So the final step in resolving these problems was not taken?
No. However, we believe that with the new government, the right conditions will be created for this. If this political will emerges again, if it is reiterated at our president’s meeting with Prime Minister Mitsotakis, we will work together on the issue of implementation with both Mr Dendias and with the relevant bodies.
Is your first meeting arranged?
There is nothing planned yet. But we know that both sides have the desire for a meeting. There is need for a meeting. We are neighbors, there are several issues. We cannot reach any result unless we sit down and hold discussions. There is no problem with that.
The plan for Varosha
Before our interview you visited Varosha. What is your position on the issue?
Varosha has remained closed for a long time without having any function. Indeed, the area should be used. Many people, many companies have been adversely affected by the closure of the city. To resolve the issue, the government of the TRNC [the breakaway Turkish-Cypriot state] has put forward a proposal on which a lot of work needs to be done. This is a beautiful place that I visited today for the first time. Not using the area serves no one. We support, on the basis of principles, this step by the TRNC government for Varosha. Once the necessary preparations are completed, the plan will be announced to the public.
Will the opening of a closed city under Turkish administration not cause problems for the Turkish side in the United Nations and on the international stage?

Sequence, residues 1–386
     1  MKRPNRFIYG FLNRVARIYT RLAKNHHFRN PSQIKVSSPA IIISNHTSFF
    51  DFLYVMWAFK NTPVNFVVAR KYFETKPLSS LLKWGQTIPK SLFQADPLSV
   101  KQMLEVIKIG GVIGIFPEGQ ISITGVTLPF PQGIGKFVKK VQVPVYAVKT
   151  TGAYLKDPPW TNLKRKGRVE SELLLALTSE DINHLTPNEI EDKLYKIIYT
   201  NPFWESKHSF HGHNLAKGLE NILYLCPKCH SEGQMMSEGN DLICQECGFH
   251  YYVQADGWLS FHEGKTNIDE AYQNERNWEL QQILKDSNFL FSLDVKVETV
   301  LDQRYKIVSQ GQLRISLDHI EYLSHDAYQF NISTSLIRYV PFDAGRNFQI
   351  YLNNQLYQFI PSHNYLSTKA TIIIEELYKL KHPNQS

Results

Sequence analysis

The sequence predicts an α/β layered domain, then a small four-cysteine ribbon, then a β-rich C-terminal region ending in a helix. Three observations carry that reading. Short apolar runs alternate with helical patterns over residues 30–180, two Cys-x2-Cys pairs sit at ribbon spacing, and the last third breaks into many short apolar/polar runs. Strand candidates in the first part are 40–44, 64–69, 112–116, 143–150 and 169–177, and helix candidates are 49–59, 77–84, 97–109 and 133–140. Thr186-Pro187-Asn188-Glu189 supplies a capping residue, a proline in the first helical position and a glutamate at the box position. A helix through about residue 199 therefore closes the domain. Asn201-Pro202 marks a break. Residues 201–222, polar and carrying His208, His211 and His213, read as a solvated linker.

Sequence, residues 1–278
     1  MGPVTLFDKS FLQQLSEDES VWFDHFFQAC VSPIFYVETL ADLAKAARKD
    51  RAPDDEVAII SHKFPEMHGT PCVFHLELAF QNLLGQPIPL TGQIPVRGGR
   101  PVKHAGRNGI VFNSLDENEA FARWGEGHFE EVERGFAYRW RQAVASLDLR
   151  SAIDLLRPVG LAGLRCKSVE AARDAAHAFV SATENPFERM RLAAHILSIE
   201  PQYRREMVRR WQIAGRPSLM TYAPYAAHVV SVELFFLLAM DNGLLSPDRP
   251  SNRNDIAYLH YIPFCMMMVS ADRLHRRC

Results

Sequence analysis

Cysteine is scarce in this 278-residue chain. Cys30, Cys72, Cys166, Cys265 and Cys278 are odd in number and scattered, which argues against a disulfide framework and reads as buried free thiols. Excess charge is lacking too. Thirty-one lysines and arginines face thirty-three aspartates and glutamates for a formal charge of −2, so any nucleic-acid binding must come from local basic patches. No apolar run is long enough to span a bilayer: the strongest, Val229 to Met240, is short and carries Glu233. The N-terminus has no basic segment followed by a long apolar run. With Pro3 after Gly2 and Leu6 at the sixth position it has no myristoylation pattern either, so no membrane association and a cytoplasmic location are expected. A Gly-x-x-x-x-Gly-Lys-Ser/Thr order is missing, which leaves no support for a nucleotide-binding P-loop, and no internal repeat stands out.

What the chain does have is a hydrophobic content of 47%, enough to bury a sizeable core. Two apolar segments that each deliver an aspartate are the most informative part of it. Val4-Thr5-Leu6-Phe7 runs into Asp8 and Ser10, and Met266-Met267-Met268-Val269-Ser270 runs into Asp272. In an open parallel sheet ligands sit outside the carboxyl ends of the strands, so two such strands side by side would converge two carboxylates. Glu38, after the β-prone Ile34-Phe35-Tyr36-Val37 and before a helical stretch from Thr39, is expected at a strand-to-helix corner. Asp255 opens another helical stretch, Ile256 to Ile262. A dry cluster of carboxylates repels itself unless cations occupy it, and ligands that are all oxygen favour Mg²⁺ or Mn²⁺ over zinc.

For us there is no problem. In this respect the important thing is to restore the rights of individuals.
Do you mean the rights of the users of a property?
Exactly. The important thing is to provide for the right to use a property. After all, many Greek Cypriots ask for this, they appeal to the Turkish-Cypriot property committee, despite the objections of their leadership. Everyone wants to take advantage of their property. This is a natural request, which we respect. Unfortunately, for years, because of the perpetuation of the problem, there are people who have been affected by this situation. We have always supported a solution and the Greek-Cypriot side rejects it. We are not responsible for perpetuating the problem.
Wasting time around a reunification deal for Cyprus ‘does not serve anyone’s interests’
Shortly before you arrived in Cyprus the terms of reference of the negotiations were discussed here. What is your view on this issue and especially on the future of a federal solution?
In the past we have held intensive negotiations. They were all about a federation. Unfortunately none of them has led us to success. Crans-Montana was the latest setback. After this failure there is a need to consider alternatives.